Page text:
Kathy Bonk

I just think that, there’s only so far women can do individually themselves for leaning in. There’s got to be system change.

— Kathy Bonk

Kathy Bonk

Kathy Bonk is one of the originals from the first JAWS camp in Estes Park, Colorado. Unlike the handful of ladies that convened there, however, Kathy was never a journalist in the traditional sense. She was one of the early pioneers in strategic communications when that nomenclature did not yet exist. But her advocacy of female journalists at the National Organization for Women caught the attention of Tad Bartimus, the founder of JAWS, who invited her to attend the inaugural meeting. More than two decades later, social connections have led her to return to the annual camps. Kathy remains a staunch JAWS member and takes up the role of mentor for those entering strategic communications.

As a high schooler, Kathy found her life’s calling when reading Betty Friedan’s The Feminine Mystique. She joined the National Organization for Women and tried to get the Federal Communication Commission policy changed to stop gender discrimination and raise awareness of women’s issues. Kathy said that early in her career, women mentors advised her on how to judiciously advocate for women’s issues at the policy level. From these experiences, she decided that she would be happy to work behind the scenes rather than be in the constant limelight. She founded the Communications Consortium Media Center in 1988, received a W.K. Kellogg Foundation grant to begin working on women’s issues at a global level in the early 1990s, and co-authored a book titled Strategic Communications for Nonprofits. She said her recent focus has been on ending child marriages worldwide.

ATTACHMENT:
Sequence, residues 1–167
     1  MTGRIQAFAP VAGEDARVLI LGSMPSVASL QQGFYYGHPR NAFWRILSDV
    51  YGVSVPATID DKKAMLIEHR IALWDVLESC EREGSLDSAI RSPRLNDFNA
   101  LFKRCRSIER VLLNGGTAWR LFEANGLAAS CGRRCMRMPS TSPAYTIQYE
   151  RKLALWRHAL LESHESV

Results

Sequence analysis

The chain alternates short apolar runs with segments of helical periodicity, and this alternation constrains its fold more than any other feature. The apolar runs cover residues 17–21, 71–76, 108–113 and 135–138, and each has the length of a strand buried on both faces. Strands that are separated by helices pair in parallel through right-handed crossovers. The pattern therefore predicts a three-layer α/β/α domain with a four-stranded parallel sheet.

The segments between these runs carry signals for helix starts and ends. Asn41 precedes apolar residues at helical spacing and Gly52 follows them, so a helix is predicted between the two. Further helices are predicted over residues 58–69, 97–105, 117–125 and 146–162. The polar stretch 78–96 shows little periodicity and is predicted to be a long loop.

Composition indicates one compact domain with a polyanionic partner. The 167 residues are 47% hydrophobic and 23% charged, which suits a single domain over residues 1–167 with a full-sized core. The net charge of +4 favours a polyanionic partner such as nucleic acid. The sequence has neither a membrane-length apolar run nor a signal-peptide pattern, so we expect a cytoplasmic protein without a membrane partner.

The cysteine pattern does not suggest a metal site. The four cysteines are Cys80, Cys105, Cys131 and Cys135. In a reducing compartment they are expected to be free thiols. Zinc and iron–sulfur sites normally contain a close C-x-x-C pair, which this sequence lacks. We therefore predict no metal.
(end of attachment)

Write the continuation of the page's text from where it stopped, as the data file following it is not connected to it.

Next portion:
For the oral history interview, I arrived at a huge corporate building on December 20, 2014, and her assistant kindly came to escort me to the office. The spacious center offered a nice refuge from the noisy traffic outside as I waited for Kathy to arrive from another appointment. She raced into the office, said she had half an hour for this project, and sprang into action. She spoke very fast and to the point, so we were able to cover the major points of the oral history agenda. Then just as she had flown into the office, she flew back out to her next appointment while offering to answer follow-up questions.

( This interview was conducted by Youn-Joo Park )